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What made the ’60s the Golden Age of Bengali cinema when the scars of India’s partition and independence in 1947 were still felt? Film critic and book author Amitava Nag discusses one golden year, that of 1966.

The ’60s had been the proverbial ‘Golden Age’ of Bengali cinema. Not only did this decade warrant a flurry of celluloid masterpieces from the maestros viz Satyajit Ray, Ritwik Ghatak, Mrinal Sen and Tapan Sinha, but at the same time it also ensured that the mainstream projects were well-made films in the end. There was no divide between the ‘parallel’ and the ‘mainstream’ yet and the lesser known filmmakers took it as their challenge to make films that can proudly find their position besides the jewels of Bengali cinema.

The ’60s is also important from the political situation of West Bengal. The previous decade was the one which was still suffering from the butchery of partition termed as the great Indian independence! The partition had a mammoth impact on West Bengal - both economical and political. The streets of the city of Calcutta then (Kolkata now), were thronged by immigrants driven out from East Pakistan - battered, mutilated, hungry and debased. They had no home, no food, no shelter and a bleak future.

Their plight which was shared in similar terms with Punjab (the only other Indian state to be partitioned in 1947) was reflected in the cinema of Ritwik Ghatak. Along with the sudden increased population, the market for doing business reduced considerably since Bengali cinema couldn’t be released in East Pakistan. This double blow ensured that the ascendent cinema of undivided Bengal courtesy of the New Theatres studio waned rapidly - skilled technicians including Bimal Roy, Salil Chowdhury and Hrishikesh Mukherjee started moving to the new film capital in Bombay.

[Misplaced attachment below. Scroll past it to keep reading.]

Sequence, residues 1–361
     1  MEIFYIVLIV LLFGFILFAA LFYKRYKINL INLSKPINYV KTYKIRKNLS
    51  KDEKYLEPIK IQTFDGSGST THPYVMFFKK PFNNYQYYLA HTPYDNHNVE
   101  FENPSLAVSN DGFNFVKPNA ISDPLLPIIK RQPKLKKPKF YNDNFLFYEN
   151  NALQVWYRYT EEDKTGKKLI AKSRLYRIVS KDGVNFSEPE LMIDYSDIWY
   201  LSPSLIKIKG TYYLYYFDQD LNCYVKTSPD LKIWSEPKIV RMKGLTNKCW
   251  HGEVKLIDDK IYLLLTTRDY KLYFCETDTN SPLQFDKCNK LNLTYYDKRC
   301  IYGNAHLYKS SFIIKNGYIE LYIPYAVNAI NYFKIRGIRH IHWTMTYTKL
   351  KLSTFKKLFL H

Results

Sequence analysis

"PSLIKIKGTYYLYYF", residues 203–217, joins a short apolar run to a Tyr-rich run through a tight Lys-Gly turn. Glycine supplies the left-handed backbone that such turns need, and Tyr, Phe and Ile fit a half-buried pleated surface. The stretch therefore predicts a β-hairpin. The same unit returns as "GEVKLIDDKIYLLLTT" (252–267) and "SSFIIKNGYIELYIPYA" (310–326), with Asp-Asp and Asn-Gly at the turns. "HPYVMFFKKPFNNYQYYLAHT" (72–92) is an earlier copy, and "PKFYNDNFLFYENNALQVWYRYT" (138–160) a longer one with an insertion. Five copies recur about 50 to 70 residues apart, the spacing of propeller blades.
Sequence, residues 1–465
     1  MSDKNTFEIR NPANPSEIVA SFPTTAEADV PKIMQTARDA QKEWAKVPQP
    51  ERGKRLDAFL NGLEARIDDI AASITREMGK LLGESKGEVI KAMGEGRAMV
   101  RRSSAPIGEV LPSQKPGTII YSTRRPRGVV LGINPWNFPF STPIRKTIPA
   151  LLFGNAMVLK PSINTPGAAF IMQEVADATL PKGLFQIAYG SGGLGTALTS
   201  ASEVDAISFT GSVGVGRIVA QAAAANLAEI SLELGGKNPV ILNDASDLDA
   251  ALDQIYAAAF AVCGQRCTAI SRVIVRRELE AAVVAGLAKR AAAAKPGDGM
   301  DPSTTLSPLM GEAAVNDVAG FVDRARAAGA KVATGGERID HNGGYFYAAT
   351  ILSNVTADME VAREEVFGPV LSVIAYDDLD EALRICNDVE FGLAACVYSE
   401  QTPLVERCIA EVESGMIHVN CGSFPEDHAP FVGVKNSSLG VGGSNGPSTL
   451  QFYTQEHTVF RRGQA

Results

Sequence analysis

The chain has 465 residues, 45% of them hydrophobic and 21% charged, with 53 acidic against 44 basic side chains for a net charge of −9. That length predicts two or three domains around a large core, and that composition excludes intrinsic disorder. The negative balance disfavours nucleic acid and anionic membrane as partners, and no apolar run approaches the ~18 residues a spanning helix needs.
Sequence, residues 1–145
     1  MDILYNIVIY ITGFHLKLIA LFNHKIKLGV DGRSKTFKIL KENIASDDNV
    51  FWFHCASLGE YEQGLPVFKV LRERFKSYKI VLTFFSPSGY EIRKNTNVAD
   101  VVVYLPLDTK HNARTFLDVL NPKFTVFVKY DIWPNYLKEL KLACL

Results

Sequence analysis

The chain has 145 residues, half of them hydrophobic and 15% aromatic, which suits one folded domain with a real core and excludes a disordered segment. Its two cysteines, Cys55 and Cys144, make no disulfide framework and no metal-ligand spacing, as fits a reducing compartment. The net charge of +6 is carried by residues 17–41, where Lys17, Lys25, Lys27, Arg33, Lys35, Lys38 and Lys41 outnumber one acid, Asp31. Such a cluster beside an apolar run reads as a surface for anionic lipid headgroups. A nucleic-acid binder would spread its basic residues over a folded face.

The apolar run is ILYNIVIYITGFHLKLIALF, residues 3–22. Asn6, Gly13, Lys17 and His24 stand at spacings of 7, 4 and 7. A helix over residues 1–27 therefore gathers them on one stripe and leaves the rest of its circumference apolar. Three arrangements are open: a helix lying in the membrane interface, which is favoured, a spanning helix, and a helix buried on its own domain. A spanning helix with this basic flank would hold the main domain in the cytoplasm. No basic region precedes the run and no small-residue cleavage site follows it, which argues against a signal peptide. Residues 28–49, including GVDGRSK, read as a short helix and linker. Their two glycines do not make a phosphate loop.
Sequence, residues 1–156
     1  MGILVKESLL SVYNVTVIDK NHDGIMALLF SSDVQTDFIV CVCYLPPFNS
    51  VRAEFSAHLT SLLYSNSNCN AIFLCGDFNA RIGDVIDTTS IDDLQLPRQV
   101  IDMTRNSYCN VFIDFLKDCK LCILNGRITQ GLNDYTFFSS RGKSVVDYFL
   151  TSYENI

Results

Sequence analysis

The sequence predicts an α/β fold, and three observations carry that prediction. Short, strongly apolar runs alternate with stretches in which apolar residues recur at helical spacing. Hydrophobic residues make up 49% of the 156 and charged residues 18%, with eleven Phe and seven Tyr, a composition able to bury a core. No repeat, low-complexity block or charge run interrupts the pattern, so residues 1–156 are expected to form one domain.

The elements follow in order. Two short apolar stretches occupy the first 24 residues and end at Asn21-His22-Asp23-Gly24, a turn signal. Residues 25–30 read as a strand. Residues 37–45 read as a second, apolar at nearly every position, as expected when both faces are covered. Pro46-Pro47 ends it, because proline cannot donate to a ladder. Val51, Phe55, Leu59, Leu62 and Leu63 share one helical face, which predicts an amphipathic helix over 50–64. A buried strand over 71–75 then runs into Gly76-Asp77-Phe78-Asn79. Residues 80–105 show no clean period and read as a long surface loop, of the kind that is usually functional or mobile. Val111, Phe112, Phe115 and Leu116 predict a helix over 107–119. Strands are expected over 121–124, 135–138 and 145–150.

In these trying times, the Uttam-Suchitra pair (Uttam Kumar and Suchitra Sen played a romantic couple in 30 films) saved Bengali cinema from complete whitewash coupled with the all important milestone of Indian cinema - the making and release of Satyajit Ray’s ‘Pather Panchali’. If the ’50s was just an uncertain wobble, it was the ’60s which saw the flourish - the decade of resurgence, of self-belief and of filmic conquests.

The Gems Of ‘66

On May 6, 1966 Satyajit Ray’s ‘Nayak’ was released. The film which was nominated for the Golden Bear in Berlin Film Festival ultimately got a ‘Special Recognition’. Though criticized at times for being similar in style with Ingmar Bergman’s Wild Strawberries (1957), Nayak remains supremely original in its flashbacks, dream sequences and excellent cameos that remain a hallmark of most of Ray’s films.

Inspired by the legendary rise to stardom of Uttam Kumar, Bengal’s biggest matinee idol to date, the film bares an insecure man who has undermined himself and has allowed himself to the wills and wishes of the film industry. Behind the façade of an indifferent and rude star, the hero’s fragile interior is revealed through an empathetic, critical gaze of a lady journalist he meets on a train journey to New Delhi to collect a national award.

The film was essentially important for Uttam Kumar who played almost himself on screen since this was his first entry into the world of Satyajit Ray’s cinema. He repeated the feat again in Ray’s next film, ‘Chiriyakhana’, the following year though that is considered one of the weaker films of the master.

The Indian critics who at that time were fed mostly by European cinema culture had almost always looked down upon the mainstream endeavours on charges of being flirty. The stars of mainstream cinema had to bear the brunt for this as well since it was believed they had a lesser chance of showcasing their talents in ‘real’ life situations.

With ‘Nayak’, Uttam had the audience and the critics eating out of his palm. Though he started earlier, it was with ‘Basu Paribar’ in 1952 that Uttam first became noticed as a promising actor, following up with ‘Saare Chuattor’ the next year. Fourteen years later Uttam reached the peak of his acting prowess with ‘Nayak’. Unfortunately, the film remains his artistic crest as his illustrious career ended exactly 14 years later in 1980, due to his untimely death.